Wednesday, September 14, 2016

Some magic items I made up

Old Lucky
This battered and scratched bastard sword has the words "Old Lucky" etched in common near the base of the blade.  This sword grants a +1 to all saves as long as it is held in the wielder's hands.  If before any perilous situation the wielder kisses the sword and says "baby, don't fail me now" or anything to that effect, they may reroll their next saving throw with an additional bonus of 1d6, and must accept the second result.  Once this ability is used, Old Lucky becomes an ordinary bastard sword. 

Hell and Damnation

This is a brace of magical, sentient flintlock pistols whose names respectively are Hell and Damnation.  Both pistols are masterwork with silvered metal and cherrywood furniture, with brass buttplates and engraved sideplates bearing their names in fanciful lettering. They have two barrels apiece which can be rotated as a standard action (or free with the Rapid Reload feat), making each a two-shot pistol. The pistols have an orthopedic grip, Hell being made for the left hand, Damnation for the right.  Both pistols are Chaotic Neutral in alignment and have the personality of wisecracking, lusty adventurers (though only the wielder can hear their telepathic voices). 

+2 Anarchic Pistols of Distance.   Flare with a tendricular pink aura when ready to fire.  Chaotic Neutral alignment.  INT 14, WIS 10, CHA 14, 120 ft vision and hearing.  Hell has 10 ranks in bluff and can use faerie fire 3x/day.  Damnation has 10 ranks in intimidate and can use faerie fire 3x/day.  Likewise in terms of personality, Hell is avuncular and sly, while Damnation is the more hot-tempered (although both "speak" in the same voice, it can be difficult at first to know which is presently talking).  Both pistols speak common, infernal and abyssal.  Both have an Ego score of 10.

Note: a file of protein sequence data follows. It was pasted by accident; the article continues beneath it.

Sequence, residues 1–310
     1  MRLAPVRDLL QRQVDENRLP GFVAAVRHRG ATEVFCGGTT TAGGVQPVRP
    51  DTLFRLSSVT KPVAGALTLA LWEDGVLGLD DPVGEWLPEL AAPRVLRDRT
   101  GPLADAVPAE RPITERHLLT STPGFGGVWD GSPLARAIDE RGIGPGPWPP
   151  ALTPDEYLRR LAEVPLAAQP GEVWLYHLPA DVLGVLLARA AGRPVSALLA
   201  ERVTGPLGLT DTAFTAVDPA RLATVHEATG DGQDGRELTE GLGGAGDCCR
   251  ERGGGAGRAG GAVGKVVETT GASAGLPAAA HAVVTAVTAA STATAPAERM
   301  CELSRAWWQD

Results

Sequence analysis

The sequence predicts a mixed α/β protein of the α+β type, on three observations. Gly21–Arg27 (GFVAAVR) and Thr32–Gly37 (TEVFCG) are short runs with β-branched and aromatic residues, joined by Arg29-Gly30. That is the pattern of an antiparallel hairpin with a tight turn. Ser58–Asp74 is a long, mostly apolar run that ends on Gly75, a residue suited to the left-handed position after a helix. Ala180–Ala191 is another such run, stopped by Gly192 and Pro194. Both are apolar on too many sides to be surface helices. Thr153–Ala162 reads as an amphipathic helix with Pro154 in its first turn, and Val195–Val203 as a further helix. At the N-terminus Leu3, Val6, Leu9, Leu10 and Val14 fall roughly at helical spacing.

Hell and Damnation live for excitement and adventure.  They are not evil and can be charming, but ultimately their attitude is one of ruthless selfishness and if they go too long without being "entertained" they may try to manipulate or force their wielder into provoking fights or purposefully lead their wielder into danger.  On the other hand if they genuinely like their wielder they can be redoubtable companions, calling out and marking targets with their faerie fire.  Hell and Damnation  despise authority, considering it something that exists only to be defied, and they will treat with contempt any wielder who knuckles under pressure to conform.   They will bestow a negative level while held by any Lawfully-aligned creature. 

Locket of the Lost Love

This gold-plated locket hangs on a fine chain and is of common quality.  Inside is a small chamber holding a lock of old auburn hair.  On the reverse of the lid is a tiny cameo painting of an auburn-haired maid to whom the hair presumably belongs.  She is lovely, pale, wearing white and regards the viewer with big solemn eyes. 

If one falls asleep wearing the locket, they dream of walking down a dirt road under cloudy twilight beside a low wooden fence.  Beyond the fence is a pasture of tall, yellowed grass featureless save a lonely elm tree in the distance. In its shadow stands the maid in her white dress, her back to the dreamer.    If on a second night one falls asleep wearing the locket, one dreams of approaching the tree very closely now and the young woman turns and smiles.   On the third night, one dreams of a sad, final encounter---to the dreamer comes the knowledge that he is someone the girl loves, and he is going far away, perhaps never to see her again.